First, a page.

29 October 2010

A new Halloween classic: Michael Dougherty's 'Trick 'r Treat'

The character Sam is shown in a scene from "Trick 'r Treat."
Halloween creates a natural setting for horror movies. It even gave John Carpenter's classic 1978 slasher and its many sequels and remake its title. But Michael Myers could kill teenagers on any day of the year and his story wouldn't change.

As popular as Halloween has become, there never had been a film specifically about the holiday itself until 2009, when "Trick 'r Treat," an anthology along the lines of "Creepshow" (1982), fought and scraped its way onto DVD and Blu-ray.

That realization drove writer-director Michael Dougherty, whose Oct. 28 birthday helped inspire his lifelong interest in Halloween, to make "Trick 'r Treat."

"Having grown up obsessed with the holiday, I really knew about a lot of the traditions and a lot of the back stories and origins of these traditions why we carve jack-o-lanterns and why we dress up and hand out candy," Dougherty said from Los Angeles in a phone interview.

"Because as a kid, you just think, 'OK, we wander around, we get free candy, we wear costumes.' But when you research the history of these traditions and you realize they go back thousands of years, pre-dating Christianity, and the idea that you are trying to appease the spirits of the dead by doing the things we do, it suddenly takes on a much more serious and sinister tone."

"Trick 'r Treat" consists of four stories: A father (Dylan Baker), who happens to be both the local school principal and a serial killer, and his son (Connor Christopher Levins) bond over carving a very special jack-o-lantern; a prank staged by a group of pre-teens goes horribly wrong; a young woman (Anna Paquin) on her way to a party is nervous about her "first time"; and a Halloween scrooge (Brian Cox) learns the true meaning of the holiday.

The clever construction has the stories intersecting, and the common link is the character known as Sam, a trick-or-treater who acts as a protector of the Halloween traditions and who first appeared in a hand-drawn animated short film called "Season's Greetings" that Dougherty made in 1996.

"Trick 'r Treat" was in development for several years before being shot and completed in 2007.

Unfortunately, the studio, Warner Bros., didn't know what to do next. Dougherty says the blend of horror and comedy confused the studio suits.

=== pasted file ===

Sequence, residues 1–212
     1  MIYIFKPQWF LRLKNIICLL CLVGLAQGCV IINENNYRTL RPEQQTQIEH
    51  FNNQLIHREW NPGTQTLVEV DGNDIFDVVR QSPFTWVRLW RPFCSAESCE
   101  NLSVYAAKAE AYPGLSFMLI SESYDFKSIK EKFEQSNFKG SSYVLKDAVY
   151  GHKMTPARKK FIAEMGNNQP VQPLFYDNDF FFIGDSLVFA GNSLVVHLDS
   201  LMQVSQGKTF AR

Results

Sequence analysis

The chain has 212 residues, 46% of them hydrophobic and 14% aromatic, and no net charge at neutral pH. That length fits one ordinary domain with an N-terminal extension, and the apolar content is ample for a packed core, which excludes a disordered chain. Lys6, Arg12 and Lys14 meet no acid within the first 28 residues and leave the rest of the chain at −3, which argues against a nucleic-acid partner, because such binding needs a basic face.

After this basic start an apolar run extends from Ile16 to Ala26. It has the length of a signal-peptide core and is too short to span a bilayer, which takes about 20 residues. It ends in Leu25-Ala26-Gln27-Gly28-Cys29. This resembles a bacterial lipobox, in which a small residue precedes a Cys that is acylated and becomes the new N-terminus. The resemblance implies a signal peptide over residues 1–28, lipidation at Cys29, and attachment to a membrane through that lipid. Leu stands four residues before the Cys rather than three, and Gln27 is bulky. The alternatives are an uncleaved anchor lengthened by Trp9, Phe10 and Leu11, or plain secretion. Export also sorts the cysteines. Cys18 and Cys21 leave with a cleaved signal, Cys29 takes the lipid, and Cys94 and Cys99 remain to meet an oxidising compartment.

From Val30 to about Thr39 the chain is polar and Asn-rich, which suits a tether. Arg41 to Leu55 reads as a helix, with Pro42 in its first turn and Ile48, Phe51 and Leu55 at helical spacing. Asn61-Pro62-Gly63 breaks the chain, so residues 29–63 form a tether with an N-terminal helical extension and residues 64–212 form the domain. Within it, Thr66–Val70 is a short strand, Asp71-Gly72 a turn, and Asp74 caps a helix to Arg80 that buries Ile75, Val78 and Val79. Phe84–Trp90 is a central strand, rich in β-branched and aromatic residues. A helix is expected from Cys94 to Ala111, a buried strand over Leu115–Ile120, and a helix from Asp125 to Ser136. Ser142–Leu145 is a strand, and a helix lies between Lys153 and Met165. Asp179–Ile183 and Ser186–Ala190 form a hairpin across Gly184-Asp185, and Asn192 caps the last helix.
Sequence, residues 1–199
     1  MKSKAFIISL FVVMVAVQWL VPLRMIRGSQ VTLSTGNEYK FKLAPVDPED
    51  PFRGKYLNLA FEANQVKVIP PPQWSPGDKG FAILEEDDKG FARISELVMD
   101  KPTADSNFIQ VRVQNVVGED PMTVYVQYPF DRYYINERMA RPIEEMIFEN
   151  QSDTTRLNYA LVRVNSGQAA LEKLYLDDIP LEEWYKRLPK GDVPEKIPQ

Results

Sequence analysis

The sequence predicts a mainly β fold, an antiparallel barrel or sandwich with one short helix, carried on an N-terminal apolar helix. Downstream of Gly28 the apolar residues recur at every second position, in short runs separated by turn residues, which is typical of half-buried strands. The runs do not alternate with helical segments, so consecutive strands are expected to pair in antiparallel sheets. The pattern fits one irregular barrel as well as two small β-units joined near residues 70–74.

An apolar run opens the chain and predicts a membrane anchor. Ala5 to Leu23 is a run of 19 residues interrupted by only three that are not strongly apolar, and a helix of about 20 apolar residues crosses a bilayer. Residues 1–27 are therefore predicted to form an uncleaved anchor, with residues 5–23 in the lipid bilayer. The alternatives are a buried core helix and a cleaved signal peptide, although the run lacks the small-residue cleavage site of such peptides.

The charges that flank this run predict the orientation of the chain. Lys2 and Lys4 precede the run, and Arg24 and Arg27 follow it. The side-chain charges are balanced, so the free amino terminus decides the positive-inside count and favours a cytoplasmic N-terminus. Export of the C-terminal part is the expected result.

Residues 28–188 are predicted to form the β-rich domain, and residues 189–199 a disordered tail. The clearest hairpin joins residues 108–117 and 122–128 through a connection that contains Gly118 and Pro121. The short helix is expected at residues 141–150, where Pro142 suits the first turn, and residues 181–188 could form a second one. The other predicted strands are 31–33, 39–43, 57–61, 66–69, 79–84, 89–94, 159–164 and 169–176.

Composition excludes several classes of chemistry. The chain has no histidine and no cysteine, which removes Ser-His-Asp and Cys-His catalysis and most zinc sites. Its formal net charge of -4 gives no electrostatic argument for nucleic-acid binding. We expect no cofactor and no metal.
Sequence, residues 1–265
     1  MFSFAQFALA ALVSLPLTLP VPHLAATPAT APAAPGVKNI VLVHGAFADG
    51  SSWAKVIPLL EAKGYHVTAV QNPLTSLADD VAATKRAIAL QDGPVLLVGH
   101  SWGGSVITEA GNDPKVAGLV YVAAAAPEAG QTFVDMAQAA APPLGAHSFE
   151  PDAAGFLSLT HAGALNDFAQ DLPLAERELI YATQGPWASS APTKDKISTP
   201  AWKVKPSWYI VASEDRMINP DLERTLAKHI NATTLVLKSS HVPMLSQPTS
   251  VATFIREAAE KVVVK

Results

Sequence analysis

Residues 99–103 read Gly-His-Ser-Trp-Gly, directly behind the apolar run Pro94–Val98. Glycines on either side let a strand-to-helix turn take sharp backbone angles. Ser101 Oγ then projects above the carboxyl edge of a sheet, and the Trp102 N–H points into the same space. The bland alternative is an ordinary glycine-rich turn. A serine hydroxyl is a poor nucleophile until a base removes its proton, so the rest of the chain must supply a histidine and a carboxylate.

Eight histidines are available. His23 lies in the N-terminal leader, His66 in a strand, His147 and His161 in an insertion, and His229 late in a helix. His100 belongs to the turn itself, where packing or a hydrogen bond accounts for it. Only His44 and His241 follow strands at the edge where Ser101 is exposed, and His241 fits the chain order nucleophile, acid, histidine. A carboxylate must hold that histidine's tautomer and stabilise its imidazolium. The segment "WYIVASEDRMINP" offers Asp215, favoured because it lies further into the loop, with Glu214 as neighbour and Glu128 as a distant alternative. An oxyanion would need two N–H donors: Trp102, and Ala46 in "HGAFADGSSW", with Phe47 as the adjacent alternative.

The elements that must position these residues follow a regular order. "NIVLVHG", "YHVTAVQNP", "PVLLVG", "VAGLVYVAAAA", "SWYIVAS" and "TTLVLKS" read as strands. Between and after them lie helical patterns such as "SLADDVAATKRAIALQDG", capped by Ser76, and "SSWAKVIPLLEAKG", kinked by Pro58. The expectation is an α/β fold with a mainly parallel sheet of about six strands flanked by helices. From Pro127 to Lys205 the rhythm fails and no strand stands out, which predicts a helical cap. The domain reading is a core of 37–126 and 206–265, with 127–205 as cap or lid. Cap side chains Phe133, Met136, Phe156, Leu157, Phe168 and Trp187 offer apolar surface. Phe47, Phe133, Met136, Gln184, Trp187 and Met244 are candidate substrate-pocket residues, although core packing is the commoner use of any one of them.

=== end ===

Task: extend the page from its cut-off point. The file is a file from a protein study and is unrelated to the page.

"Horror and comedy are such close cousins to me. They're bedfellows, really," he said. "When I watch a horror movie, I usually laugh instead of scream. That's my way of relieving tension, and I'm having a good time."

Dougherty, best known as one of the screenwriters of "X2" (2003) and "Superman Returns" (2006), described the period of limbo that followed as "agonizing."

"It was like being pregnant forever. Imagine you're pregnant and you tell your friends, 'I'm having a baby,' and you show them sonograms and everyone's waiting for it—they're like, 'When are you having it? When am I gonna get to see it?'

"The not knowing was really difficult because I felt like it was something special. I was still very, very proud of it. And yet there was a bit of resistance from the studio because they didn't know what it was."

That changed when Legendary Pictures, the co-financier of the film, began taking it to festivals. Reviews appeared online and the buzz started to grow.

A year after its release, "Trick 'r Treat" appears to be well on its way to securing its place as a Halloween classic.

"That's what it seems like it's becoming," Dougherty said. "There have been similar films like this in the past—not that I want to put myself up with them yet. But Carpenter's film had a really slow burn. It was not a huge success the first few weeks of its release. It took awhile for word of mouth to build. And 'A Christmas Story'—same thing. It was not a commercial success. It became a bigger hit on TV and home video, and it took time.

"Hollywood these days is all about opening weekend, opening weekend, opening weekend, and so they fall short of trying to create films that people actually want to watch 10, 15, 20 years from now. So I'd be honored if ‘Trick 'r Treat’ became one of those movies. And from what I can tell, I think it's heading down that path."

Though the studio hasn't called yet, Dougherty has plenty of ideas for "Trick 'r Treat" sequels. He also has a couple other film projects in development, including one he would direct with Robert Zemeckis producing.

For now, he's working on the Halloween party he's throwing tonight, a 10-year tradition (he'll be dressed as Indiana Jones), and watching with some amazement the life "Trick 'r Treat" has taken on in the past year.

"I feel like a proud parent who's finally watching this kid go out in the world and make something of himself," he said. "And that kid would be Sam."

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